• Gloria Lee (B.A. in Physics and B.S.E. in Bioengineering 2023)
  • Grace Qian (B.S.E. in Bioengineering 2023)
  • Lana Salloum (B.A. in Neuroscience 2022)

They were mentored by three doctoral students in Bioengineering: Will Benman (Bugaj Lab), David Gonzalez Martinez (Bugaj Lab), Gabrielle Ho (Chow Lab). Saurabh Malani, a graduate student in the Avalos Lab at Prince University, was also very involved in mentoring the team.

OptoReader

The graduate mentors were instrumental in quickly bringing the undergraduates up to speed on a diverse array of skills needed to accomplish this project including circuit design, optics, optogenetics, programming, and additive manufacturing. They then coached the team through building and testing prototypes, as well as accomplishing other objectives required for success at iGEM. These other objectives included establishing collaborations with other iGEM teams, performing outreach, and effectively communicating their project through a website and online presentations.

“This team and their work is outstanding,” said William Benman. “Not only did they sweep several awards, but they did it all with a small team and while working with technology they had no prior experience with. They created a device that not only increases accessibility to optogenetics but also allows optogenetic systems to interface directly with computer programs, allowing for completely new research avenues within the field. They are truly a remarkable group.”

Due to the COVID pandemic, the team operated virtually through the summer of 2020, and then continued in person in the summer of 2021 as the project progressed and more students returned to Penn’s campus. Upon return to campus, the work was conducted in both the Bugaj lab in the Stephenson Foundation Educational Laboratory & Bio-MakerSpace, the primary teaching laboratory in Penn Bioengineering and an interdisciplinary makerspace open to anyone at Penn. The team also collaborated with the Avalos Lab at Princeton University, which conducts research in the application of optogenetics to optimize production of valuable  chemicals in microbes.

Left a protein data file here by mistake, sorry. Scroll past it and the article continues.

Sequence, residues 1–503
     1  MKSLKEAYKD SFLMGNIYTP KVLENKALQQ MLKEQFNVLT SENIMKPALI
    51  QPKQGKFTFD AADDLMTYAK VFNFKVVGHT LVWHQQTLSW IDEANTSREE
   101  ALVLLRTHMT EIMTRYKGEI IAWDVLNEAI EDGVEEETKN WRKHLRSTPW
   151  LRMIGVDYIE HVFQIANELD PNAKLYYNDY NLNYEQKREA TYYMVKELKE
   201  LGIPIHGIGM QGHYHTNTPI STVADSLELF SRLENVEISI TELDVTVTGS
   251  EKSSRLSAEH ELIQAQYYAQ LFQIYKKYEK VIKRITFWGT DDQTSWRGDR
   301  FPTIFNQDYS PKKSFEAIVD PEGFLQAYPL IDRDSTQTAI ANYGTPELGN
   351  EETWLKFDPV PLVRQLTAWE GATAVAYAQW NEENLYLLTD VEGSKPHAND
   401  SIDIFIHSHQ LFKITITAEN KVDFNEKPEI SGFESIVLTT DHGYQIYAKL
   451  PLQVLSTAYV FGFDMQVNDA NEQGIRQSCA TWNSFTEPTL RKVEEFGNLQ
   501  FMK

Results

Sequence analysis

“I’m beyond excited about this phenomenal showing from team Penn at the iGEM Jamboree awards ceremony,” said faculty mentor Lukasz Bugaj. “This is truly outstanding recognition for what the team has accomplished, and it wouldn’t have happened without essential contributions from everyone on the team.”

Brian Chow added that this achievement is “no small feat,” especially for a hardware project. “The iGEM competition leans toward genetic strain engineering, but the advances in the field made by these incredible students were undeniable,” he said.

Going forward, the team plans to publish a scientific article and file a patent application describing their device. “It’s clear that there is excitement in the scientific community for what our students created, and we’re excited to share the details and designs of their work,” said Bugaj.

Congratulations to all the team members and mentors of OptoReader on this incredible achievement! Check out the OptoReader project website and Instagram to learn more about their project.

This project was supported by the Department of Bioengineering, the School of Engineering and Applied Science, and the Office of the Vice Provost for Research (OVPR). 

BE Seminar: “Multi-input Chemical Control with Computationally Designed Proteins for Research Tools and Cell Therapies” (Glenna Wink Foight)

Speaker: Glenna Wink Foight, Ph.D.
Senior Scientist